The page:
Mistakes, Trials, and Tragedies

So, last time I posted I was processing why I can’t stand to make a mistake.  Why being human seems so unacceptable to me.  I think it may have something to do with a very traumatic event in my childhood.  Before I tell you about that event, I want to put forth a disclaimer.  My parents did the best job they knew how to do raising me.  My grandmother loved me, but she was deeply wounded and often searched for a scapegoat to ease her own pain.  With that being said, I invite you to visit a Saturday in early May, 1974.

May 1974…I am ten years old.  My little sister is three.  Our mother is in the hospital dying of cancer.  Our home is in a state of chaos that cannot adequately be described. Our grandmother spends every night and most of her days at my mother’s bedside.  My father is working and trying to process the thought of being a widowed father to three little girls. Mostly, though, he is trying to avoid the irrational anger my grandmother is directing at him.  Our great aunt, my grandmother’s sister, is staying with us to help out with the housework and hospital vigils.  She also has a great deal of bitterness that she directs at whomever displeases her.  The air in our house is thick with anger, pain, and sadness.  I escape by watching television as much as possible.

On this particular Saturday afternoon, I have been told to watch my little sister.  I am not sure where my older sister, aged thirteen, was on that day.  I am guessing she had been given some chore to do since I was left in charge of the baby.  I remember we were on my dad’s bed watching the small tv in his room.  I do not know what we watched or how long we watched.  All I really remember  is looking up to see that my little sister had eaten an entire bottle of baby aspirin.  The next thing I remember is sitting in the rocking chair in my grandmother’s bedroom as three adults hurled angry accusations at me.  I remember hearing that if my sister died it would be all my fault.  How could I be so stupid?  How could I be so selfish?  Hadn’t our family been through enough?  What was wrong with me? I don’t remember all the words very clearly, but I remember the pain in my stomach, the searing shame in my heart.  The strong sense that I was the cause of all our troubles. Why could I not be good?  How could anyone ever love such a selfish little girl?  God would never forgive me.

As an adult, I realize that I was not at fault.  I was a child.  I was not mature enough to have been put in that unfortunate position.  I did not leave the aspirin where my sister could get it. I did not make the aspirin taste like candy. I did not cause all the anguish my adult relatives were feeling on that Saturday afternoon.  I was just a scapegoat for all the confusion, pain, and hurt taking place in our  home that day.  As an adult, I realize that God has forgiven me.  God loves me and understands why I come unglued when I make a mistake.  As an adult, I forgive my father and my grandmother for their hurtful, shaming words.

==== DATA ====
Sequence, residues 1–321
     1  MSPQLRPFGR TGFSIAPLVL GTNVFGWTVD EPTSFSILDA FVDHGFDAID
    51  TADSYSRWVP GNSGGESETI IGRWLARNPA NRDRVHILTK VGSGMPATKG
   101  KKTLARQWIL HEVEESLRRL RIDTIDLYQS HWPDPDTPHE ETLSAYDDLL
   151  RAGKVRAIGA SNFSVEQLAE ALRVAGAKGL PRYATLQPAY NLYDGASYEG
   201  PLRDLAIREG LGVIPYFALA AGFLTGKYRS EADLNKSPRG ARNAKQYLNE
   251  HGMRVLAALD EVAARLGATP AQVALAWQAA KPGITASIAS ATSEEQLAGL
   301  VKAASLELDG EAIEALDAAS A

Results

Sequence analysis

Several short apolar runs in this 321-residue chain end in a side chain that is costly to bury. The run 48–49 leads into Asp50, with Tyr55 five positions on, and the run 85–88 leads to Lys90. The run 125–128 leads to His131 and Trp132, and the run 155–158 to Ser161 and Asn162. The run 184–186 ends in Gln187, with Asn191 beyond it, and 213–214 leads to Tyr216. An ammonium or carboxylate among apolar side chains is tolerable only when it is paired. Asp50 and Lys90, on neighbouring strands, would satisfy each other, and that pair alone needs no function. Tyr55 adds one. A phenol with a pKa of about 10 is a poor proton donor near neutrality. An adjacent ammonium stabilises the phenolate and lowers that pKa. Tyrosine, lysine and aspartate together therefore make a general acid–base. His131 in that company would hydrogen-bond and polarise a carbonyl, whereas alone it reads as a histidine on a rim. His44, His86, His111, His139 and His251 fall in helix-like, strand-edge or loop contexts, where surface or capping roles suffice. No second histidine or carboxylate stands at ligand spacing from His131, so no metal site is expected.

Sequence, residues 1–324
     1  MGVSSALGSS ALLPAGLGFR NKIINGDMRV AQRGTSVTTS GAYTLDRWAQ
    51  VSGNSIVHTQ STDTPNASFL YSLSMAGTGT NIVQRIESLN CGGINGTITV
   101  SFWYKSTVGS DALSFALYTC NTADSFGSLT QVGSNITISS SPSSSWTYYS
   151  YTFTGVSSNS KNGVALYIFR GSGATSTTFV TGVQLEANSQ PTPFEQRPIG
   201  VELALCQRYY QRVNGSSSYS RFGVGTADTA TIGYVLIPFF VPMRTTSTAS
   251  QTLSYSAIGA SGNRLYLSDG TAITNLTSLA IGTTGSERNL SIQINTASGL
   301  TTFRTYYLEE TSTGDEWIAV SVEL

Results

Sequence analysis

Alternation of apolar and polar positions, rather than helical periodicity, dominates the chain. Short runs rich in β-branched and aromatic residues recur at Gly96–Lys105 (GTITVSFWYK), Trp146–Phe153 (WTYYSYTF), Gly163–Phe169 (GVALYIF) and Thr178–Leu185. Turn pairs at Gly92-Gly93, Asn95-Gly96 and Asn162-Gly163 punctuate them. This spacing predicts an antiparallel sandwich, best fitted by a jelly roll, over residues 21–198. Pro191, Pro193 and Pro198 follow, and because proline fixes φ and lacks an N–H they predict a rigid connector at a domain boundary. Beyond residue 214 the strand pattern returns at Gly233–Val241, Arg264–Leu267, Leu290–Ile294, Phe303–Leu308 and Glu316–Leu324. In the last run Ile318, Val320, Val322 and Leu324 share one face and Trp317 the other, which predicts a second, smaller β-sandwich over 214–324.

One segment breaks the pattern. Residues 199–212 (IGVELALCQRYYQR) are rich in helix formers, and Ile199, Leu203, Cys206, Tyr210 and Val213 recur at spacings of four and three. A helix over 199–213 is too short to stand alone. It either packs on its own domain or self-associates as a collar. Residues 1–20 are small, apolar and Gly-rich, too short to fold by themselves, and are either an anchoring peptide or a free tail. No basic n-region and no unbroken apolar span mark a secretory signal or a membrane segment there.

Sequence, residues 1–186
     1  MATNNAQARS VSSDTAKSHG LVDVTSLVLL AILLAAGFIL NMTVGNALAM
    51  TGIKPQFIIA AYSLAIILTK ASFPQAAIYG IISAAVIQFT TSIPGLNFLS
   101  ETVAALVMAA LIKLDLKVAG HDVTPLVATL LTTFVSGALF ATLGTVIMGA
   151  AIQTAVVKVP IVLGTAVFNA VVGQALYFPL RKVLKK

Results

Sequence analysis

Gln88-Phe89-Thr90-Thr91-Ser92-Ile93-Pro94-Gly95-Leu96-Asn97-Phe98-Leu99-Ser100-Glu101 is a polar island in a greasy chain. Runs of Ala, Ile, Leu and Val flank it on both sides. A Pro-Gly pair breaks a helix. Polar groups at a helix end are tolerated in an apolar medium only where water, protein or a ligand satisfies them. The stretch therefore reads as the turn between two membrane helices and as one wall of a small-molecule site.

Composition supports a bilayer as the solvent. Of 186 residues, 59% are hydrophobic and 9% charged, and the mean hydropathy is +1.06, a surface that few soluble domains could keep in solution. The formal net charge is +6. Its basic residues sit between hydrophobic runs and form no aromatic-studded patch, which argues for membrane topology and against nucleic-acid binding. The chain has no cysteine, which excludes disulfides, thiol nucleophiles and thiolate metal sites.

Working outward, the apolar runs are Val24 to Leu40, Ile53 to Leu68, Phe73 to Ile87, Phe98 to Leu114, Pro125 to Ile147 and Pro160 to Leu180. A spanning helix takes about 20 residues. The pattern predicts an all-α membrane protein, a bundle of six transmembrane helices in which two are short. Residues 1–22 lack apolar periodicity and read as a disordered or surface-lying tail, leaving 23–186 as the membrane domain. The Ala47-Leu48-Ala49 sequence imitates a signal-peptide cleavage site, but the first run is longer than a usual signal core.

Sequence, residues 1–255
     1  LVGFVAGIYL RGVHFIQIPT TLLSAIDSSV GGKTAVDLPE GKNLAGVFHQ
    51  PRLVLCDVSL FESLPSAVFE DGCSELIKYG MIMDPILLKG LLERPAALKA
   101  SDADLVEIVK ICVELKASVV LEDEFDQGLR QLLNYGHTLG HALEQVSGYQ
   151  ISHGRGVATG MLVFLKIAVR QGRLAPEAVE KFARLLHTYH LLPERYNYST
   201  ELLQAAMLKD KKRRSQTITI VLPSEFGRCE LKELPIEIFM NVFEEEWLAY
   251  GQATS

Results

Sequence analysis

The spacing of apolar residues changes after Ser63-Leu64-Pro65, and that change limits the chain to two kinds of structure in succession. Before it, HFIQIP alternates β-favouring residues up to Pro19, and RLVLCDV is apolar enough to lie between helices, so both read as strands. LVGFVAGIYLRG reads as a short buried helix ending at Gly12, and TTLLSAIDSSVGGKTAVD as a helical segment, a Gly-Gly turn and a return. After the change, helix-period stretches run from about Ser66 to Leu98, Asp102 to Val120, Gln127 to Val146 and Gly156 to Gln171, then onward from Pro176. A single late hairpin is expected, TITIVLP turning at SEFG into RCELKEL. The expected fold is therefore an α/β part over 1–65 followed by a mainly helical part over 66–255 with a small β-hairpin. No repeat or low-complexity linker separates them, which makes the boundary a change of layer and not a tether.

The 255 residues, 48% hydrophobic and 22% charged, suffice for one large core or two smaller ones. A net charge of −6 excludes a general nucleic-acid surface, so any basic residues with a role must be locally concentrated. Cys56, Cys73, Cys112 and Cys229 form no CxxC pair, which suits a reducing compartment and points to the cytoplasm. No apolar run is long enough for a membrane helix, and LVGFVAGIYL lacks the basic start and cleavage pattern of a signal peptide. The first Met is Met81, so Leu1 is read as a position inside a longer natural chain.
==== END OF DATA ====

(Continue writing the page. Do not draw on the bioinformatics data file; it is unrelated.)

Yet, I still suffer from a great feeling of shame when I am not able to perform perfectly.  I am guessing that I am not alone in these feelings.  I am guessing that those of us who grew up in chaotic homes feel that we must be in control at all times and can never ever make a mistake.  The devil does a happy dance each and every time we fall victim to these false feelings.  Just as he danced for joy that Saturday afternoon when the adults who were supposed to protect me forgot that they were the parent in the room and let their wounded inner child have free reign in shaming me.

I wish I could tell you that I have conquered all my demons once and for all and that I am now able to laugh off my mistakes and love myself and others unconditionally.  I think that will only happen when I wake up in heaven.  For now, I hang on to God’s hand and pray for the Holy Spirit’s guidance.  I pray that I can learn to show myself and others a little grace when we are less than perfect.

For too long, I have refused to examine my life and do the work needed to become mature in Christ.  I am determined to look at my life and my mistakes with honesty and courage. Proverbs 10:11 states that the mouth of a good person is a deep, life-giving well, but the mouth of the wicked is a dark cave of abuse.  I want to speak beautiful life affirming messages even in the midst of mistakes, trials, and tragedies…don’t you?

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